Action item: Do 50 practice problems in 2 months.
Action item: Do 5 mock interviews with a friend.

Show up prepared

Yay, you’ve made it past the technical interviews and now have an interview with the engineering manager (who is somehow slightly intimidating yet approachable)! You’ve made it more than halfway to the offer. Don’t mess it up now by not being prepared. The goal of this interview, which most likely will not be technical, is to make sure that you’re a good fit for the team and company.

Go to the company’s careers page and study its culture, mission, and ethos. Find out how these align or disagree with your personal values and goals and come up with questions that target these alignments or discrepancies. Don’t be afraid to ask hard-hitting questions, but be reasonable about it. It will reflect that you are legitimately interested in working for the company and have done real research into their values. See this footnote3 for some of my go-to questions.

Next, prepare your pitch. I used to hate the word “pitch” because I hated the thought of having to shill my experience and accomplishments in order to get an internship. Think of it more as preparing talking points for the conversation that you’ll have with your interviewer. These talking points should help your interviewer get to know you better and find out why you’d be a great fit for company X. Be prepared to talk about past experiences, accomplishments, and projects. Flex your teamwork skills and talk about technical accomplishments. Ideally, you’re proud of what you’ve done and can talk with passion and excitement. Don’t sell yourself short.

Lastly, be honest. Don’t try to come off as knowing more than you actually do. Your interviewers will be software engineers and engineering managers who will sniff through buzzwords and bullshit. Instead, be honest and excited about what you do know and don’t be afraid to admit when you don’t know something. You’re an intern and companies generally have realistic expectations for college kids (even the grizzliest of software engineers was once a college-aged kid too!). This isn’t to say that you don’t know anything, you know lots of things! Talk about what you do know with passion and excitement.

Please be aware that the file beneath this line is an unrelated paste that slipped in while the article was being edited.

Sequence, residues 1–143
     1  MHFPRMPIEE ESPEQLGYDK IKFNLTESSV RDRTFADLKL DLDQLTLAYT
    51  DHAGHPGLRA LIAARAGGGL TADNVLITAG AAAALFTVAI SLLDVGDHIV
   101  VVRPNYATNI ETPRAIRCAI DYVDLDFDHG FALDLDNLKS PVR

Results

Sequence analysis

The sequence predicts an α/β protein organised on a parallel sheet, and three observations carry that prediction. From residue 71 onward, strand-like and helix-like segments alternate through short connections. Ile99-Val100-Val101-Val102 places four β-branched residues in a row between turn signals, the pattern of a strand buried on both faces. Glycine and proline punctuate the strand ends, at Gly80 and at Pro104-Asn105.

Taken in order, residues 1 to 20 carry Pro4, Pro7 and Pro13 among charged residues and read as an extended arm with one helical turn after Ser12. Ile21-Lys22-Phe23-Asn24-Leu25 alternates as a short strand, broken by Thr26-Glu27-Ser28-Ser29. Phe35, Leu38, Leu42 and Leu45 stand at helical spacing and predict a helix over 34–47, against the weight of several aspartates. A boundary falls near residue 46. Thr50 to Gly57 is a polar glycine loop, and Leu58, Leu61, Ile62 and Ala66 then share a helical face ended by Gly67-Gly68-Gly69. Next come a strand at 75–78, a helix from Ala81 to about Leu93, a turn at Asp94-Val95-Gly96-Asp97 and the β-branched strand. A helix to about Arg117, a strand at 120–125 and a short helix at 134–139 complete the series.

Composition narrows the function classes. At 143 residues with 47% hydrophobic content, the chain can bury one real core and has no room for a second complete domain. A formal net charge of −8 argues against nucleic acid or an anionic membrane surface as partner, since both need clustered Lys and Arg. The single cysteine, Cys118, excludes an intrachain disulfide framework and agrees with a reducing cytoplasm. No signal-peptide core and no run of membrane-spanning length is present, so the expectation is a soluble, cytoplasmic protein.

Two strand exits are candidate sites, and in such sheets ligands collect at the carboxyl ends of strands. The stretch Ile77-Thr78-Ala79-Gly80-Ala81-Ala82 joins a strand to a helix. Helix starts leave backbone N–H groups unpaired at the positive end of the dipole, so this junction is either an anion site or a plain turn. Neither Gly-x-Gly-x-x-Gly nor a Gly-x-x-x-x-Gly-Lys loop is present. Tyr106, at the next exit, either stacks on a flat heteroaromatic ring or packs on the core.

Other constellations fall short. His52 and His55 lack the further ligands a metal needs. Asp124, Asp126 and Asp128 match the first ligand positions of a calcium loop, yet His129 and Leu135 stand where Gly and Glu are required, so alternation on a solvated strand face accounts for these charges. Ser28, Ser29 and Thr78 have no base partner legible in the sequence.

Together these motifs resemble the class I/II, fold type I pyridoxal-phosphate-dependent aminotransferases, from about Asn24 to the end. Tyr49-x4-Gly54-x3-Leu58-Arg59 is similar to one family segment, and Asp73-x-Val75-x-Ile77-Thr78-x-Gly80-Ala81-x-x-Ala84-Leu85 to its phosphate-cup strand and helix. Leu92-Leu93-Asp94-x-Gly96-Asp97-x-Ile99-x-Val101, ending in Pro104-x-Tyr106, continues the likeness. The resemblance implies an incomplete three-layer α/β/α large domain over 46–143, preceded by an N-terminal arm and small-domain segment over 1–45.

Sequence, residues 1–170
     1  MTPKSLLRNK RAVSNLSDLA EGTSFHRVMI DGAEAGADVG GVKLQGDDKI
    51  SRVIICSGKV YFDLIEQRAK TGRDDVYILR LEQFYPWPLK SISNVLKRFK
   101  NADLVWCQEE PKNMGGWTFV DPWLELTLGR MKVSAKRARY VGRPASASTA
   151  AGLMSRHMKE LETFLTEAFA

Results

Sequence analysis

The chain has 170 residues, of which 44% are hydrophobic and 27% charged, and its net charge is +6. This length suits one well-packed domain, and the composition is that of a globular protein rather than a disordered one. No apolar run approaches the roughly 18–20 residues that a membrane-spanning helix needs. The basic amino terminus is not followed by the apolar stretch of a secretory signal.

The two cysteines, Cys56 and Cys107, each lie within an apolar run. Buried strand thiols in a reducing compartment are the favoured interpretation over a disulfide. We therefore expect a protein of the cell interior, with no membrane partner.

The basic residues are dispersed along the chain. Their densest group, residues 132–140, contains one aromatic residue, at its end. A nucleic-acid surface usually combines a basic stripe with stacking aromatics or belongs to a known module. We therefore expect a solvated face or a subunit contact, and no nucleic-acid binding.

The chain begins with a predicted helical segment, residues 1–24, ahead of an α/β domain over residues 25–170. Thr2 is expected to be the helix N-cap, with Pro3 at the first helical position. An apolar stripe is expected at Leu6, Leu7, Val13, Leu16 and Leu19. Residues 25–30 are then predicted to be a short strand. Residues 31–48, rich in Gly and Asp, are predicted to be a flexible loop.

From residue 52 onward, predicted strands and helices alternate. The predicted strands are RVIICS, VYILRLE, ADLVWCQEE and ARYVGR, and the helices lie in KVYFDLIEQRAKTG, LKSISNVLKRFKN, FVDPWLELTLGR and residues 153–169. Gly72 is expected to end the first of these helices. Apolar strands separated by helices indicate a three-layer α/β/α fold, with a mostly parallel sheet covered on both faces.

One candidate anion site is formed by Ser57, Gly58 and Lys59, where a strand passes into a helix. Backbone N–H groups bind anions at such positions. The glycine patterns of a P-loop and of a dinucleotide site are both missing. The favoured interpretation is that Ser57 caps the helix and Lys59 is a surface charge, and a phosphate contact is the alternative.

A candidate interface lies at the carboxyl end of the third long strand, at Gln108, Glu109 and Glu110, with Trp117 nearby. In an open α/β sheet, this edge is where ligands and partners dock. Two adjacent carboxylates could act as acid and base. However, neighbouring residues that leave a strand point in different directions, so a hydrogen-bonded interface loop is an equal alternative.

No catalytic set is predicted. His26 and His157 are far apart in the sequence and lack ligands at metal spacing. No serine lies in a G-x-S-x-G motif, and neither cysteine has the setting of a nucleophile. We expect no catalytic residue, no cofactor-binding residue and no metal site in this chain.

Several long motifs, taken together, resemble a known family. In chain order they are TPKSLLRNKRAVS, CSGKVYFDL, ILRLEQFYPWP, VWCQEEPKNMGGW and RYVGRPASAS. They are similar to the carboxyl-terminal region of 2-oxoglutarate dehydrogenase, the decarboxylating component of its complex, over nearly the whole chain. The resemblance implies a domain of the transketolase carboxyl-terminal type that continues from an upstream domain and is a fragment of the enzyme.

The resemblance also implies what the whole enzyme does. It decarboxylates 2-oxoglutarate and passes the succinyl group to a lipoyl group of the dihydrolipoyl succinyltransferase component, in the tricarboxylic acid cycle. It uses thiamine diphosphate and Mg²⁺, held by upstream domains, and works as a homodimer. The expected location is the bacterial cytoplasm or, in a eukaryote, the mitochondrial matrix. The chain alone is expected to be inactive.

Action item: Practice your self-pitch.
Action item: Learn about the company’s culture and mission statement.
Action item: Prepare 5 to 10 quality questions.

After you land your dream internship…

Congratulations! Pat yourself on the back and celebrate but please keep a couple of things in mind. You worked hard and earned your internship. Still, by some random stroke of misfortune (a tough interview question, an overly strict AI resume filter, another stellar candidate), some other college kid could be sitting in your place. So, don’t take this internship for granted! Work hard and learn a lot. Don’t let it go to your head. Pass it forward by sharing your knowledge and helping others succeed. I wish you the best of luck!


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  1. Whether or not FAANG interviews are the best way to hire is contentious. My personal take on it is that while almost nobody likes these types of interview questions, it’s better than the alternative. Should hiring be based on more subjective reviews of experience and project work, especially for entry-level roles? I personally think that the standard coding interview allows everyone, no matter your background, to prepare for the interview and eliminates other types of gatekeeping that are prevalent in other industries (i.e. anyone can study for these interviews but not everyone can go to an Ivy and network to get a job). 

  2. Stripe, notably, does not ask algorithm questions. I was asked very practical questions that tested skills I’d use every day on the job as an engineer. 

  3. This resource has some good questions, but most of them are targeted towards interviews for higher-level positions. Here are some of my favorite questions to ask:

    • Where do you see the company in 2 years, which is when I’d be working full time if I were to join?
    • What’s the most important thing you’ve learned, technical or non-technical, while working at X?
    • What’s the most challenging part about working at X?
    • Conversely, what’s your favorite part about working at X?
    • What kind of qualities does the ideal employee at X have?
    • How are X’s values reflected in its decisions and actions?
    • What are some examples of past intern projects?